Arriving in Ventimiglia, our first real stop over the border from France, (Monaco was also along the way) into Italy I was pleased to see a distinct difference between the Italian locals and the French ones I'd left behind. Admittedly there is a real sense of the Mediterranean life all the way along the Cote D'Azur, with fairly laid back individuals, all there to soak up sun and wine, but these locals appeared even more so. The Carabinieri on the platform as we pulled up were looking so relaxed as to almost appear asleep, even the sniffer dog didn't look at all bothered that 15 sweaty backpackers had just arrived. Nobody moved, no passports were checked, just a few cheery "ciaos" and a "benvenuti".
After leaving our bags with the guide to mind we set off to explore for an hour before catching the next train. Having already spent the better half of the previous hour practising how to order a cappuccino in Italian I was eager to try it out. We found a kerbside café and sat down. To my amazement the waiter understood my request on the first go and duly brought me the coffee. I was still grinning when we got back on the train.
The journey to Cinque Terre takes you through countless tunnels, carved into the cliffs hanging out over jagged rocks and pebbly beaches. Each time we hit the darkness, the curtains flapping dementedly in the open windows, I could still see the blue water imprinted on the inside of my eyelids. Nowhere else have I experienced that effect.
The locals and us were all chatting amongst ourselves until one guy asks me where we are all going in Italian. I answer Rio Maggiore. Then he asks me where we are all from. I explain that I am a tour guide and my group are all from all over the world. He is going to Calabria to see his mother and he is from Milan. He works in a factory there making cars. Another lady opens her travelling cool box to share some iced coffee in tiny plastic espresso cups with the 2 Korean girls in my group, and another one pulls out some "dolce", sweet pastries to share with the Canadian girls.
Of all my train journeys in Europe I have found the Italians to be the most generous to backpackers, in terms of communication and sharing the contents of their cooler bags. Especially on the train going to Calabria from the north.
I once spent the leg between Pisa and Rome stuck in a corridor with an old guy of 60, a phrase book and a lot of sign language. He was very keen to tell me his family history and was most impressed that a kiwi from "lontano" was trying to speak Italian. He even gave me grammar lessons and corrected my pronunciation. That never happened on a French train.
More recently on the train to Florence from Pisa I sat next to a girl from Romania getting an entire itinerary of what to see and do in Florence from the guy opposite her in Italian. The interesting bit was she only spoke a few words but seemed to grasp most of what he was saying. It was great to see the passion for which he was talking about what was obviously his home town.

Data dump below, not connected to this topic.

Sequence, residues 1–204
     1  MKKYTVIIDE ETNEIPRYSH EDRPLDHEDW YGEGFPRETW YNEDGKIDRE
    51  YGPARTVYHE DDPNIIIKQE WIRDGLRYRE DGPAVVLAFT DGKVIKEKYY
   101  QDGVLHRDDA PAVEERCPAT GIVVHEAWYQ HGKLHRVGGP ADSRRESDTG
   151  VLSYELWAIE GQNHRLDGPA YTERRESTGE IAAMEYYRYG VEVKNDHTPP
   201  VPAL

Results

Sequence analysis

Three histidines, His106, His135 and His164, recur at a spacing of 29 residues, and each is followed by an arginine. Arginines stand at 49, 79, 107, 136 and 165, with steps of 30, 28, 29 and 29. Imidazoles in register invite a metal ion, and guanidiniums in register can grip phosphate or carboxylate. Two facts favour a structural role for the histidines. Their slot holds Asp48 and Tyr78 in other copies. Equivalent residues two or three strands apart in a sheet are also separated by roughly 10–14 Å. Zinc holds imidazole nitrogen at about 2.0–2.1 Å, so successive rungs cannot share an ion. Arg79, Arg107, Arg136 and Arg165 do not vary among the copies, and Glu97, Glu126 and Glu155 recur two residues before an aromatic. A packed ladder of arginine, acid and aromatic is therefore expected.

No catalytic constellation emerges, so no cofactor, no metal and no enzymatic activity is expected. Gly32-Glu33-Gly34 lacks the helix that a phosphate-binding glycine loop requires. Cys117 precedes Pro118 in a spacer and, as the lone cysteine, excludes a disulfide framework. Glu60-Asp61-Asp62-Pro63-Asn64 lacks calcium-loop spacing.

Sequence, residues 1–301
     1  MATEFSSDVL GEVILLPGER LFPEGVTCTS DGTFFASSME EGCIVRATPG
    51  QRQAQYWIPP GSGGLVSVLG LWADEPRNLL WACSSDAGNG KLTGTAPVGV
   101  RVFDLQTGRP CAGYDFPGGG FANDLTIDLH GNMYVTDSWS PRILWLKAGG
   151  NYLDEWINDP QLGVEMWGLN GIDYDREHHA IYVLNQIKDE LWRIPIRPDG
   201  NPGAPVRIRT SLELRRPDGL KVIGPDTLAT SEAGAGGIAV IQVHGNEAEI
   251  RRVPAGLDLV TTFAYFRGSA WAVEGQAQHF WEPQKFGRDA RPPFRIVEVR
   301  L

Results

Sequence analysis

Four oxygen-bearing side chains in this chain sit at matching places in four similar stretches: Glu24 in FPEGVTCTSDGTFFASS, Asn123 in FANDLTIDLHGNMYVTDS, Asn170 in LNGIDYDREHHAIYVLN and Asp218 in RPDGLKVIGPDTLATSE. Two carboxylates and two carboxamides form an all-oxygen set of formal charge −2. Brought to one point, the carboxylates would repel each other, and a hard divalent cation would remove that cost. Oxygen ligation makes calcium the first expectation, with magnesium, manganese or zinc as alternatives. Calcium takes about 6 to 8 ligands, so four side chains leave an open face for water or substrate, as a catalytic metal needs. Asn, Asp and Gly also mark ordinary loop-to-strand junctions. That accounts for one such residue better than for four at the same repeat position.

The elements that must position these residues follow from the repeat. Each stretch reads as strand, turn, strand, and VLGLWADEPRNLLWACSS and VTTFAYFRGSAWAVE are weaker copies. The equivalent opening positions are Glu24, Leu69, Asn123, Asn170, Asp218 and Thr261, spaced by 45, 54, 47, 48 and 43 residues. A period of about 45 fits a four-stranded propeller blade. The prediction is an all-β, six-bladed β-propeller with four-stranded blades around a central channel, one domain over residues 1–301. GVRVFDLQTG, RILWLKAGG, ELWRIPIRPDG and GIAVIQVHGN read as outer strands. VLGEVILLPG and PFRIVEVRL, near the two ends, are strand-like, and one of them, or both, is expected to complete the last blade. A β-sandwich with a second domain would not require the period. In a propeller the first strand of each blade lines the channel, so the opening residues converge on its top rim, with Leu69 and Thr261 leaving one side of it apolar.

On one trip I managed to fulfil the desires of one rather shy Chinese girl who had a thing for men in uniform. She was trying to collect as many photos of them as possible from all over Europe. Some Italian Navy boys had got on at La Spezia, obviously from the Naval base there, heading to Rome along with a couple of Air Force boys. They were filling the corridor outside the dining car, laughing and yelling, all only too willing to pose for a couple of photos with my now tomato-red-in-the-face passenger. We thought we hit the jackpot when some army boys were spotted on the platform at Ostiense in Rome, but they were waiting for another train. She got a photo through the window instead.
The most frustrating time on the trains can be Florence S.M.N. The letters could easily stand for "so many new platforms" instead of Santa Maria Novella as they have an annoying pastime of switching tracks on you. You have to listen to the announcements very carefully. They do them in both English and Italian but as soon as one train is late arriving they start shuffling the rest of the platforms like a deck of cards. With a group of 12 individuals one day we were waiting an extra 45 minutes for the train to Venice, supposedly arriving on track 11, then it was track 9, then it was back to track 11 at the very last minute. We broke the rules and ended up hurling packs across the train tracks onto the end carriage as the guard blew his whistle for the departure and we had some stragglers who hadn't heard the change walking back from the sandwich bar. Everybody made it with a sprint finish.
On the contrary, in Venice the train guard was very accommodating when I had lost an American passenger between the baggage depot and the train in the short space of about 10 minutes. I explained she was late and he smiled, said ok, and waited an extra 5 minutes with me. Eventually he tapped his watch and we had to abandon her. This was the last train out of Italy to Austria that day so I wasn't sure when I'd see her again. When I eventually did she had an awesome adventure to tell, but that's entirely another story.
For point to point travel you can't beat the Italian trains for good value, not just in the price because with a train ticket you get so much more than just a seat. Sometimes you don't even always get a seat, especially if it's in the middle of August, but you get a fantastic opportunity to experience the local culture that just can't be had from a guide book or the inside of a bus.